== How to use it?
You see that +el-get-sources+ example up there? It finishes with a single +(el-get)+ call. That's it. It will 'install' new +sources+ on the list and only 'init' already installed ones.
The status of each package is tracked into +~/.emacs.d/el-get/.status.el+ (by default) and can get the values +required+, +installed+ or +removed+.
=== Sync or async?
Most often you want +el-get-install+ and +el-get-build+ to stay out of the way and be 'asynchronous', so that you can continue using Emacs while your new package is getting ready. But imagine you're starting up Emacs after a +git pull+ on the other computer (after a commute, say), and there's some newer packages for this instance to consider installing.
Now you want a synchronous install, right?
So, by default +(el-get)+ is asynchronous, but you can ask for it to be sync, or to still be asynchronous but to wait until it finished before to give control back:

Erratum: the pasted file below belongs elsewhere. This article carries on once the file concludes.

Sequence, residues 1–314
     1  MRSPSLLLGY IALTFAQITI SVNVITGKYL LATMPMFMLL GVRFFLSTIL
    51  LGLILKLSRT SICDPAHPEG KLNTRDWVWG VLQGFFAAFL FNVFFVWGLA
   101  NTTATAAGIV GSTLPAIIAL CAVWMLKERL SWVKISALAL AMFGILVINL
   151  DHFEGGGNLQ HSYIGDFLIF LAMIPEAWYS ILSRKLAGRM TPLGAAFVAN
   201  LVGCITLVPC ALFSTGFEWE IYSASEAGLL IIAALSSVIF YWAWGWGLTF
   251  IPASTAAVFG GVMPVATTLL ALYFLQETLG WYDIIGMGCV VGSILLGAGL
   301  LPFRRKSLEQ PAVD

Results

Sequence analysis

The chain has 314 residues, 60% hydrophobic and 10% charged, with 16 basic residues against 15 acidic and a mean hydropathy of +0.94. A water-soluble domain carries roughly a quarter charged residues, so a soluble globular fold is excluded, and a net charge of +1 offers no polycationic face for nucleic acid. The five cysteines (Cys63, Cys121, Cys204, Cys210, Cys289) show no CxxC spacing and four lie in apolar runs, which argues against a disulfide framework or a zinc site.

(el-get 'sync) (el-get 'wait)
You even get a progress report!
See the documentation of the +el-get-sources+ variable for details. Please note that +el-get-sources+ is another source location for recipes, adding to your +el-get-recipe-path+.
Note that you can also give a mix of +packages+ symbols, +inline recipes+ and +source lists+ to +el-get+ as arguments, and completely bypass the +el-get-sources+ variable.
(el-get 'sync 'package 'name 'list-of-packages-names-or-symbol)
It is still recommended to +(setq el-get-sources '(list of packages))+ then use +(el-get 'sync)+, so that commands such as +el-get-update+ know which packages to update.
Some sources are contributed to +el-get+ directly, so that you only have to put in the +el-get-sources+ the name of the package you want to install.
Should you need some local specific setup, you can do that by providing a partial sources missing the +:type+ property: your local properties will get merged into the recipes one.